CHS and the District need to have more options available to deal with extremely difficult students for whom traditional discipline does not work. The district also needs to take issues such as students in the hallways and treatment of adults by students more seriously. Allowing these behaviors to continue unabated has created a truly dangerous environment inside the building. At this point, not a day goes by where a teacher does not tell me that they do not feel safe in school or in our halls.

What about all the fights that have taken place. On Friday I helped break up a fight between 2 girls, and today Tuesday the young lady is back in class. What happened to being suspended for 7 days?

We need more behavioral/emotional supports for these kids.  An alternative program would definitely help.

Having grown up in a public high school that had 1,000 students more than CHS and diversity representing over 60 languages spoken by the students, I am shocked at how unsafe I feel as an adult and teacher in my own workplace. I fear that if anything violent happened to me, by accident or otherwise, my administration would not back me up or support me, would take the side of the student, and would ultimately not handle the situation in a way that truly resolved the underlying, deep-seated problem that we see occurring day in and day out at our school.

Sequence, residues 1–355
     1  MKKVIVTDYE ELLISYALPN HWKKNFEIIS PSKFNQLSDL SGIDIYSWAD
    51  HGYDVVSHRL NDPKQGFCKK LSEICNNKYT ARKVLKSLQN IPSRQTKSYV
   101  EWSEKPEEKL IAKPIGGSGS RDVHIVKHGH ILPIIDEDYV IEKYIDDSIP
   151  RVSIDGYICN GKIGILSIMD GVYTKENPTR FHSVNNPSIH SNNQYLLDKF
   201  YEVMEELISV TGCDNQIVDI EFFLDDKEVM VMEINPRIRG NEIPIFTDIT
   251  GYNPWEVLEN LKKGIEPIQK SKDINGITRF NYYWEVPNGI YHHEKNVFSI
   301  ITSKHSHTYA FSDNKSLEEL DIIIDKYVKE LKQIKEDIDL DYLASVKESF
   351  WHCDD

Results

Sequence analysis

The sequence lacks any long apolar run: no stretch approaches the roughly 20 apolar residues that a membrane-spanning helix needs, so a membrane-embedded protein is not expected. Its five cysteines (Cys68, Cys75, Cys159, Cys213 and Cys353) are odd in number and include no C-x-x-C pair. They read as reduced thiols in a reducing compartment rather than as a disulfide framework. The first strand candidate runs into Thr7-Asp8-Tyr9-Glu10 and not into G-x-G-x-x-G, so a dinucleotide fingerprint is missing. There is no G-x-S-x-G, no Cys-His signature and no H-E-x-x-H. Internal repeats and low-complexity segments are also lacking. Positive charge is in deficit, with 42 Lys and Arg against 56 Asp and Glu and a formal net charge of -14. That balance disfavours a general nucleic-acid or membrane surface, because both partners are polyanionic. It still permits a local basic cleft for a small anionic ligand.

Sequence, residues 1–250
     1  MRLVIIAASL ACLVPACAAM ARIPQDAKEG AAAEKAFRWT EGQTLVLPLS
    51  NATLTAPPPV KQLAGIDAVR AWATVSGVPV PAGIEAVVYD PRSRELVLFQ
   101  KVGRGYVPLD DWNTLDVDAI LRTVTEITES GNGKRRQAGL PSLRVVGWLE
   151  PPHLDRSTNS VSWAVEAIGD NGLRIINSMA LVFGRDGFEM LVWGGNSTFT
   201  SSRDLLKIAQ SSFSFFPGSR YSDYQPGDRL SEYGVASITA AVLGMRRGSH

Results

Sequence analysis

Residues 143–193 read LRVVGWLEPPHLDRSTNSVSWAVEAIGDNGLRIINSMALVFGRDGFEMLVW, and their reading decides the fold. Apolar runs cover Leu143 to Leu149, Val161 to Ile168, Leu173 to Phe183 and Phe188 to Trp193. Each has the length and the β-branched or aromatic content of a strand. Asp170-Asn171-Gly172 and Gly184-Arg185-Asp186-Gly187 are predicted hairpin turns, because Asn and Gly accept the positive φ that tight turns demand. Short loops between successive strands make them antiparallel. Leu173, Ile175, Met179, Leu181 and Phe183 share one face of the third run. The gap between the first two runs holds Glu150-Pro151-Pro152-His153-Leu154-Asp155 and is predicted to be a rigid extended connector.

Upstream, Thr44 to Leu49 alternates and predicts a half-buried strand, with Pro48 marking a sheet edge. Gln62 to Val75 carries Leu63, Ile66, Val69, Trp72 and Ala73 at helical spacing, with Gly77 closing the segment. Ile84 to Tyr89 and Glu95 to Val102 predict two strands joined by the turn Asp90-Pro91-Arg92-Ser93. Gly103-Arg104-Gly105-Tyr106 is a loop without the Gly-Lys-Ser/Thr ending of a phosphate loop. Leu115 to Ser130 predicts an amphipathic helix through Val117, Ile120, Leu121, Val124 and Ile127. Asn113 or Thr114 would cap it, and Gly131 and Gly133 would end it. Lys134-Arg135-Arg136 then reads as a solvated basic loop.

This place is a haven for students who find every reason to be out of class.  We have a significant number of students who have no academic agenda for being here, and they are seen in the hallways during most class periods.  This leads to increased chances of negative interactions between students (fighting, pre-fighting, arguing, getting no work done and students supporting one another in this effort).